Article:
There are those who believed that BB King wasn’t the world’s greatest guitar player, including the man himself. In a recent interview he said:
I call myself a blues singer, but you ain’t never heard me call myself a blues guitar man. Well, that’s because there’s been so many can do it better'n I can, play the blues better'n me.
And his musical vocabulary was limited; King once told Bono: “I’m no good with chords, so what we do is, uh, get somebody else to play chords… I’m horrible with chords”. He even claimed that he couldn’t play and sing at the same time.
Speaking as someone who used to teach guitar, I would agree that BB King wasn’t a particularly technical player. Although he was one of the first guitarists to have hits with single-note electric blues solos, he was followed by a wave of more proficient and versatile practitioners, prominent among them Eric Clapton, Bonnie Raitt, Robert Cray and Stevie Ray Vaughan.
Despite this, he continued to play to packed houses well into his 80s and remains one of the most loved and respected guitarists in music history. So what was it about King’s playing that has captivated me and so many others? I think the answer lies the way he never played perfectly in tune.
BB King apologising to Bono
Like most blues players, King based many of his phrases and licks on the minor pentatonic scale, which is a simple “box shape” on the fingerboard that most electric guitarists learn very early in their careers. Indeed, box shapes are such a simple musical vocabulary that blues guitarists often don’t even need to know the names of the notes they’re playing (in my experience, this fact often comes as a shock to classical musicians).
The minor pentatonic scale – and its close cousin the blues scale – works by omitting some steps from the full minor scale. This simplifies the melodic choices available to the soloist, effectively limiting the musical vocabulary of the melody. But it’s this melodic constraint that I think gave BB King’s playing the opportunity to develop its majestic and expressive style. He was what I like to call a microtonal guitarist – his solos were made more expressive by bending the notes slightly out of tune.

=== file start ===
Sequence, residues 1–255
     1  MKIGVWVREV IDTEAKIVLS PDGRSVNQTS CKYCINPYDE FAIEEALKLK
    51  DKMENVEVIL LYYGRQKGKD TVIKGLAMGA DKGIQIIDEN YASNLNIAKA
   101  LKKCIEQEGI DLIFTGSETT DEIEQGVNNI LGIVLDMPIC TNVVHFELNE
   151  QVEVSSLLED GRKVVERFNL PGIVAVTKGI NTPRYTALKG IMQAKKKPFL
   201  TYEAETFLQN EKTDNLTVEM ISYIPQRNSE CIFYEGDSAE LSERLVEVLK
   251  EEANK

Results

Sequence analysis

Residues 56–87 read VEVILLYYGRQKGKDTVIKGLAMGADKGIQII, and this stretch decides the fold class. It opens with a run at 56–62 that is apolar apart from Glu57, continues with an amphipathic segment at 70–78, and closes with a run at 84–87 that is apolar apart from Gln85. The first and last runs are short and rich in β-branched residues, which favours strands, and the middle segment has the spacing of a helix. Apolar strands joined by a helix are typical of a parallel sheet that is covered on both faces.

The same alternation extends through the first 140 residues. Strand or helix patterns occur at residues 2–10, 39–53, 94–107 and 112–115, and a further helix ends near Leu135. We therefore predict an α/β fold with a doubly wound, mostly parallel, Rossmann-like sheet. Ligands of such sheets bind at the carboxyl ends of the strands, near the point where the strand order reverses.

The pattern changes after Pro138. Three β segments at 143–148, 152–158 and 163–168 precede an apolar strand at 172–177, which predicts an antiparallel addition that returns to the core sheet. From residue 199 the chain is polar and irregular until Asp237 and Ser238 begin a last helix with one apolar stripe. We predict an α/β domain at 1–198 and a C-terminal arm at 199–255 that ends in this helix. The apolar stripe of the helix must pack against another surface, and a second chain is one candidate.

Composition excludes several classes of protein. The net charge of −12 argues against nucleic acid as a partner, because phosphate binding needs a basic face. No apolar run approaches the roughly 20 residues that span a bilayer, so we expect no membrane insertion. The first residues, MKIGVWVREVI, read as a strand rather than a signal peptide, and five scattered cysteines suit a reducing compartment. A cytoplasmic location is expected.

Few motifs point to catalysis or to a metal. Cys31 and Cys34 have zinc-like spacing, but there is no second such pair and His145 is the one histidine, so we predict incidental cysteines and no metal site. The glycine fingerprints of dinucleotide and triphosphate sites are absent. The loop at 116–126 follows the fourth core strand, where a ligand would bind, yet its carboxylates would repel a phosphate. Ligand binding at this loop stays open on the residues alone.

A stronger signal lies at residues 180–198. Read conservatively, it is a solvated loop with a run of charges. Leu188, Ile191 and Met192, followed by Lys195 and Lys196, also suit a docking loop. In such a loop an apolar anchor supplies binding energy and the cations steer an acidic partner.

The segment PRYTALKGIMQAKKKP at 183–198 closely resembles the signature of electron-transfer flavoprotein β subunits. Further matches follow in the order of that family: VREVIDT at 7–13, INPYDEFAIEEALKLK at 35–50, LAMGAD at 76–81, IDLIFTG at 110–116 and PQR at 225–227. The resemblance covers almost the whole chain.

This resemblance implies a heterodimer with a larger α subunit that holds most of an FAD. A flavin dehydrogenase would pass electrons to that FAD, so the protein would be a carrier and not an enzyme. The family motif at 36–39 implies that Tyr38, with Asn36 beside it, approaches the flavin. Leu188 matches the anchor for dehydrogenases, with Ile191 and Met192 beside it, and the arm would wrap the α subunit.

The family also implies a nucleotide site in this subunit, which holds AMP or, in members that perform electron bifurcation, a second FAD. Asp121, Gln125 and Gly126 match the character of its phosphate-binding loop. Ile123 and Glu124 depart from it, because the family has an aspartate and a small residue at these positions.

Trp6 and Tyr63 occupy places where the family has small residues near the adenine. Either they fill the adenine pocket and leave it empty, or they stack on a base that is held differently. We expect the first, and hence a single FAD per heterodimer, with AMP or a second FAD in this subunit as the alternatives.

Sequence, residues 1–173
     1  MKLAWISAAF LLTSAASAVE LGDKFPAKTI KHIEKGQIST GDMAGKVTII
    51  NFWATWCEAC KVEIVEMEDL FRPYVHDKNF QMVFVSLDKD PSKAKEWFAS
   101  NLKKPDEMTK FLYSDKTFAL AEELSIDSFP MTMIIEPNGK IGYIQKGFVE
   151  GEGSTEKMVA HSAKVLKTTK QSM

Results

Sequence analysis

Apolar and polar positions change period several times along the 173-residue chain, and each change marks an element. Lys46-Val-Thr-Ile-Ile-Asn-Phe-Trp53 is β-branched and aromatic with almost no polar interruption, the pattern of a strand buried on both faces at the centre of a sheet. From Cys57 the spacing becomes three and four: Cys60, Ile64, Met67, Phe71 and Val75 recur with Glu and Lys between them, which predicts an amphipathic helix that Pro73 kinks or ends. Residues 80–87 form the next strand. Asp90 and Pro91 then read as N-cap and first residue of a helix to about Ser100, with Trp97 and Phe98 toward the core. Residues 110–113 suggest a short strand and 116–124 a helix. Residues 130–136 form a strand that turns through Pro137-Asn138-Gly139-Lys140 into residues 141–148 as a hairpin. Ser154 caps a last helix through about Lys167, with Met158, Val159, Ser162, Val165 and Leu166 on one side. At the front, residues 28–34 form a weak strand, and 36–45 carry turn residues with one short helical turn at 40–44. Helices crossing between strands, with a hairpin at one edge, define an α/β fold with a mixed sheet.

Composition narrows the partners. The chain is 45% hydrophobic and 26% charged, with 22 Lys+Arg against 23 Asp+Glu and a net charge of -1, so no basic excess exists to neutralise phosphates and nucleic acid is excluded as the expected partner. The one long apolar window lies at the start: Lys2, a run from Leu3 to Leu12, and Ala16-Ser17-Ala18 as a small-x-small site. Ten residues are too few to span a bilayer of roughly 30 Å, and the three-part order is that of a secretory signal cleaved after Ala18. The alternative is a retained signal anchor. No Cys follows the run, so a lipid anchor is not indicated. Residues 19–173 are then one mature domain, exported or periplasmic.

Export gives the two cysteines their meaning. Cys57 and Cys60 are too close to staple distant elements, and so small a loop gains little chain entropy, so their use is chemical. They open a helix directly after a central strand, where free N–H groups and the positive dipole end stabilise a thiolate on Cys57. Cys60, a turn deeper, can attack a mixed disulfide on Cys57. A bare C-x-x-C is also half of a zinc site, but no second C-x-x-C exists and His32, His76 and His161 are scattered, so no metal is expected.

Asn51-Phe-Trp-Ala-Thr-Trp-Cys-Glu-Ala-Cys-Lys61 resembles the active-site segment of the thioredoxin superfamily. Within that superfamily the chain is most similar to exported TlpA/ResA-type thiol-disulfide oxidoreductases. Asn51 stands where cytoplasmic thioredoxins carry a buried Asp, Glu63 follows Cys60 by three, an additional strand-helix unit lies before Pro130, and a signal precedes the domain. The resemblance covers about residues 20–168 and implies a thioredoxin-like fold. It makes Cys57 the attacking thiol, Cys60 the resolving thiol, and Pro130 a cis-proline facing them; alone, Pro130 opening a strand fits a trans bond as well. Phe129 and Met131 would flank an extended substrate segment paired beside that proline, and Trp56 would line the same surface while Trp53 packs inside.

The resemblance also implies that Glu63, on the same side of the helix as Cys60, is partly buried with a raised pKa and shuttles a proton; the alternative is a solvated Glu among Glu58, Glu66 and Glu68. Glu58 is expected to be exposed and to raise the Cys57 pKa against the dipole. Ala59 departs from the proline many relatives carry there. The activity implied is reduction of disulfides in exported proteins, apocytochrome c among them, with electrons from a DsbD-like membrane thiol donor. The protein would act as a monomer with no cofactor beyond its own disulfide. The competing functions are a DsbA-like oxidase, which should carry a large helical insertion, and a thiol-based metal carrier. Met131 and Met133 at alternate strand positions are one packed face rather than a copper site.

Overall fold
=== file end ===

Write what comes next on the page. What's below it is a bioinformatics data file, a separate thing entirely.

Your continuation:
King’s seventh-to-octave licks were sometimes slightly flat, his fifths would sometimes slowly drift toward the note as the string bend was pushed from the note below, and – most importantly – he was a lifelong student of the mysterious “blues third”, the note that can be found somewhere in the cracks between the third step of the minor and major scale.
BB King live in Montreaux 1993
King’s thirds could be wayward, mischievous, reflective, reckless, argumentative, morose, pensive or accusatory. Take a listen to his performance from Montreaux in 1993. At [0:29] the third is sharp, brazenly drawing attention to itself as an almost-wrong E-natural against the brass section’s A flat chord. At [1:21] it’s right in the middle of the cracks, starting angrily on the full minor third and quickly bending upward as the titular “thrill” ride disappears down the road, speeding away from the lyric’s lonely protagonist. At [1:49] there’s a seven-note lick where every note is slightly out of tune, and the thirds drift between major and minor intervals in a way that, to me, resembles the fluctuations of a human voice – followed by an almost silent final minor third, the upward string bend resembling nothing less than an intake of breath.
This is what BB King fans mean when they say he’s speaking through the guitar. The irregularities in his tuning are more than just a stylistic feature – they are the way he communicates musically. The blues genre’s simple chords and predictable note choices are not the point of the performance; they’re just the shape of the picture frame through which King’s artistry can be seen.
And while that agonised “blues face” he pulls when he up-bends a string may be partly showmanship, it is also representative of the incredibly subtle and difficult judgement a great blues player has to make as the string bend approaches the perfectly expressive out-of-tune note.
Still not convinced? Think my analysis represents the over-constructed ramblings of a grieving electric blues fan? Have a listen to these three different King performances.
In 3 o'clock blues (1952), the licks are brash and loud but the microtones are unsubtle, as the 26-year-old King ambitiously shows off his newly-minted technique to the world. In Sweet Little Angel (1964) we hear King the live showman at the height of his powersl; the guitar licks respond dynamically to the crowd, as the pitching of the thirds reacts to the auditorium’s screams in real time. The 2006 recording of The Thrill is Gone shows King in his sunset years, with the occasional fluffed note but the microtones and dynamics more varied than ever – the confident maturity of an old man who knows his audience is hanging on his every note.
BB King’s subtle string bends are the sound of a musician completely immersed in his communication medium, speaking a special and unique musical language that he has been inventing for a lifetime. The great man is gone, but his blue notes will live forever.
Joe Bennett does not work for, consult to, own shares in or receive funding from any company or organisation that would benefit from this article, and has no relevant affiliations.
Authors: The Conversation